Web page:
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The U.S. Department of Agriculture–Agricultural Research Service (USDA-ARS) has been a leader in weed science research covering topics ranging from the development and use of integrated weed management (IWM) tactics to basic mechanistic studies, including biotic resistance of desirable plant communities and herbicide resistance. ARS weed scientists have worked in agricultural and natural ecosystems, including agronomic and horticultural crops, pastures, forests, wild lands, aquatic habitats, wetlands, and riparian areas. Through strong partnerships with academia, state agencies, private industry, and numerous federal programs, ARS weed scientists have made contributions to discoveries in the newest fields of robotics and genetics, as well as the traditional and fundamental subjects of weed–crop competition and physiology and integration of weed control tactics and practices. Weed science at ARS is often overshadowed by other research topics; thus, few are aware of the long history of ARS weed science and its important contributions. This review is the result of a symposium held at the Weed Science Society of America’s 62nd Annual Meeting in 2022 that included 10 separate presentations in a virtual Weed Science Webinar Series. The overarching themes of management tactics (IWM, biological control, and automation), basic mechanisms (competition, invasive plant genetics, and herbicide resistance), and ecosystem impacts (invasive plant spread, climate change, conservation, and restoration) represent core ARS weed science research that is dynamic and efficacious and has been a significant component of the agency’s national and international efforts. This review highlights current studies and future directions that exemplify the science and collaborative relationships both within and outside ARS. Given the constraints of weeds and invasive plants on all aspects of food, feed, and fiber systems, there is an acknowledged need to face new challenges, including agriculture and natural resources sustainability, economic resilience and reliability, and societal health and well-being.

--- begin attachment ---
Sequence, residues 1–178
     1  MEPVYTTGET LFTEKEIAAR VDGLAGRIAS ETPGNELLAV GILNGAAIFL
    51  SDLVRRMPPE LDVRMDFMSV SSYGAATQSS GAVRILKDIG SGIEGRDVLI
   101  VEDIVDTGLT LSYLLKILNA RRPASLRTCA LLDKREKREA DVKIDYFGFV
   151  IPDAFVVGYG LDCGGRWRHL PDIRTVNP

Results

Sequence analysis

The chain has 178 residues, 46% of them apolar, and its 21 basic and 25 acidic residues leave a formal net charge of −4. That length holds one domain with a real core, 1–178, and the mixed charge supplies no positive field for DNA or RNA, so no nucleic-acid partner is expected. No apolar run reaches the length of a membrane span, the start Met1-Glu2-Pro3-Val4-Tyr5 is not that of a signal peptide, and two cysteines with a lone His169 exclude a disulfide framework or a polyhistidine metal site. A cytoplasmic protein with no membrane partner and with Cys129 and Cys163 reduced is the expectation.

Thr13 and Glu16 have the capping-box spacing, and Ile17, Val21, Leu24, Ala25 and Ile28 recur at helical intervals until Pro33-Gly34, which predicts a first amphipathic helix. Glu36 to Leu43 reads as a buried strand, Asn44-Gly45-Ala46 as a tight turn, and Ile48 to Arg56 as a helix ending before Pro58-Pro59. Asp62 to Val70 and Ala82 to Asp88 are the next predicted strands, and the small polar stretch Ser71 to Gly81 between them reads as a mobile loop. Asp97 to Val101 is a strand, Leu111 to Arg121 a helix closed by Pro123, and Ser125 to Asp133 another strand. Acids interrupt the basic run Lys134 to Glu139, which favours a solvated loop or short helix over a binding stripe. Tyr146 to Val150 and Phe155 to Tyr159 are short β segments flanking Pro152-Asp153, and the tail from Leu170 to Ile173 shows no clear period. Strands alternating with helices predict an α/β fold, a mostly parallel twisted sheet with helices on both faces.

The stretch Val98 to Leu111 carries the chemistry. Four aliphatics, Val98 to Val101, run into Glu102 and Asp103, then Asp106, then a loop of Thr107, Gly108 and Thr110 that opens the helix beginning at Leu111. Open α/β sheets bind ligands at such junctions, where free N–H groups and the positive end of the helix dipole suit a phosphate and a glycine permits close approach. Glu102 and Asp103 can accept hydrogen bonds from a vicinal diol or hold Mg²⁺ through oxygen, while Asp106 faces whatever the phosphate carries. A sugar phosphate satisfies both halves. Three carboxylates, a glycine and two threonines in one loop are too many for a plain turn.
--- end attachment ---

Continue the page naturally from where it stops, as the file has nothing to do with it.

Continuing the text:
Livestock rations are formulated to minimize feed cost subject to nutritional requirements for a target performance level, which ignores the potentially substantial cost of disposing of nutrients fed in excess of nutritional requirements. We incorporate nutrient disposal costs into a modified least-cost ration formulation model to arrive at a joint least-cost decision that minimizes the sum of feed and net nutrient disposal costs. The method is demonstrated with phosphorus disposal costs on a representative dairy farm. Herd size, land availability and proximity, crop rotation, and initial soil phosphorus content are shown to be important in determining phosphorus disposal costs.
Drip tests designed to replicate the synergistic interactions between waste
glass, repository groundwater, water vapor, and sensitized 304L stainless
steel in the potential Yucca Mountain Repository have been ongoing in our
laboratory for over ten years. Results will be presented from three sets of
these drip tests: two with actinide-doped glasses, and one with a
fully-radioactive glass. Periodic sampling of these tests have revealed
trends in actinide release behavior that are consistent with their
entrainment in colloidal material when as-cast glass is reacted. Results
from vapor hydrated glass show that initially the actinides are completely
dissolved in solution, but as the reaction proceeds, the actinides become
suspended in solution. Sequential filtering and alpha spectroscopy of
colloid-bearing leachate solutions indicate that more than 80% of the
plutonium and americium are bound to particles that are captured by a 0.1 μm
filter, while less than 10% of the neptunium is stopped by a 0.1 μm filter.
Analytical transmission electron microscopy has been used to examine
particles from leachate solutions and to identify several actinide-bearing
phases which are responsible for the majority of actinide release during
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